While APD 'bodycam' legal limbo continues, APA asking for ballistic vests
Last Thursday, City Council voted unanimously to accept $750,000 in grant funds from the State to offset the cost of buying about $12 to $17 million worth of body camera equipment. But actually buying said body cams is a different story, a slower one.
After council approved a contract with "Taser International" earlier this summer, competing bidder "Utility Associates" sued the city. Council Member Don Zimmerman feels there was an unfair bias toward Taser.
"Under the terms of the rules as far as I can see, they should have voted for Utility. They would have gotten a better technical solution for millions less dollars," Zimmerman said.
On Friday, a Travis County District Judge granted a temporary injunction on the body cameras basically tying the hands of the city until the trial set for November 28th. On Monday, Police Association President Ken Casaday says he's okay with that.
"If it takes until November that's fine as far as I'm concerned. Just as long as everything is done on the up and up and I believe it has been. I think the department will show that," Casaday said.
At last week's council meeting about the state funding, Fatima Mann with the Austin Justice Coalition expressed her concerns with the city's policy surrounding the cameras and whether APD will actually provide the video to those who request it.
"I'm actually glad they're in litigation right now because they can't get their cameras right? So that means now they have to sit down and actually do that process out because they're not gonna get the equipment for awhile anyway," Mann said.
In response to Friday's ruling on the body cams, the City of Austin says "The court's ruling is disappointing. An exhaustive review process was conducted for this procurement. The purchase and contract were approved by City Council. This judicial decision directly impacts the authority of the city to appropriately exercise discretion over its purchases of critical hardware. City staff is working to determine the appropriate next steps."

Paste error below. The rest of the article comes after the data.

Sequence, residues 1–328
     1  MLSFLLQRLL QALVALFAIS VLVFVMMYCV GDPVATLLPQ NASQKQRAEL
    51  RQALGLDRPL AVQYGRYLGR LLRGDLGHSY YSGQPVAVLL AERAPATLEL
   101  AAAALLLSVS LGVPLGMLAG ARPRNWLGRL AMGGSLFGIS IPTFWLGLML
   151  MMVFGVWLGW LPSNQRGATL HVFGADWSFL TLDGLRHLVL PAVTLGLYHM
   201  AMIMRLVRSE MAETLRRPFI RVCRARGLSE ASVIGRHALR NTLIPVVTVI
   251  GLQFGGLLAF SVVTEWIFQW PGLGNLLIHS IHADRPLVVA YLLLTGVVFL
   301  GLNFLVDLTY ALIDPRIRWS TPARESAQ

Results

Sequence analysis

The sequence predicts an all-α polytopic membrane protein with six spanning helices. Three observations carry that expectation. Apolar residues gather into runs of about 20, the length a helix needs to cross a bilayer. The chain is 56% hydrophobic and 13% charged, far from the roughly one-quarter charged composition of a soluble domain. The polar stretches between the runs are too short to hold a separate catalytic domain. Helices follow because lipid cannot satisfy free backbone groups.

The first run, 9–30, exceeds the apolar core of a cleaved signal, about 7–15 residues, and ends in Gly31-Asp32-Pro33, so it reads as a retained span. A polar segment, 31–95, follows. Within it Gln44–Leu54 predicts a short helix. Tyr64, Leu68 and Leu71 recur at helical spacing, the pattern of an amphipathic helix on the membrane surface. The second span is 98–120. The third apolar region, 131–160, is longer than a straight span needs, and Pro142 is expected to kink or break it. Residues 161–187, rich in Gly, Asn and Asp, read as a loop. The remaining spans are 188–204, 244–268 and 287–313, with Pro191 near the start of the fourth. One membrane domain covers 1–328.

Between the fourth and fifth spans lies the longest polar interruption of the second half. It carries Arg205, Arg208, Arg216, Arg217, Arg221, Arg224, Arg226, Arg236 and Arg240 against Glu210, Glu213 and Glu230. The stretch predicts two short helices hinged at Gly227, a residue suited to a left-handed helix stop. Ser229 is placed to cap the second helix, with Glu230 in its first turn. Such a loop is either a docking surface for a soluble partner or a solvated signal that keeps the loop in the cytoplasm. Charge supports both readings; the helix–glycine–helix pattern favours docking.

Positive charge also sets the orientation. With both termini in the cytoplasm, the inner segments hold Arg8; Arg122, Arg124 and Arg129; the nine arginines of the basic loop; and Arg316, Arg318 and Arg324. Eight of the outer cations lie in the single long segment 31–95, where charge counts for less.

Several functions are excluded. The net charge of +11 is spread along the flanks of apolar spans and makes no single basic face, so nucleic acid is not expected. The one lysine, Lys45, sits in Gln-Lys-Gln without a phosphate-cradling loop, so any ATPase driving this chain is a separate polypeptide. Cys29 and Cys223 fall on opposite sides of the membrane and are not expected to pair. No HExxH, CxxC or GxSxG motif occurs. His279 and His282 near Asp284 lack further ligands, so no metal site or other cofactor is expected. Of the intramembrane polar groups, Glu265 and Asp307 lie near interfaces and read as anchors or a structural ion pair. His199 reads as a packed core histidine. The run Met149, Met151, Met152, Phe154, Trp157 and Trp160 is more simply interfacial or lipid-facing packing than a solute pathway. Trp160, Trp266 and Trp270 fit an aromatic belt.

Something else is bothering Casaday. He says officers need new ballistic vests.
"The body armor that we wear now will not stop an AR-15 round or an AK-47 round...weapons that have been used to kill police officers over the last month," Casaday said.
Casaday says the first batch of vests will cost somewhere between $500 and $800,000.
"I wanted to say that we're requesting but we're at a point to where we're demanding that we have this protection now to be able to protect the community and to also be able to go home at night," Casaday said.
If the city doesn't provide money for the vests he says they'll ask the community for help. Casaday says the Association has sent a letter to council about the vests and last week they brought the issue up with the Public Safety Commission, made up of citizens that's different than the Public Safety Committee Zimmerman sits on. Zimmerman says the Association should bring the request there.
"If this is a critical need, bring it to the Public Safety Committee. If we look at the evidence and say 'no' then sure, go to the public and say you disagree with the elected council. But the fact is they bypass the elected council on everything," Zimmerman said.
Casaday says he's planning on meeting with council members individually this week.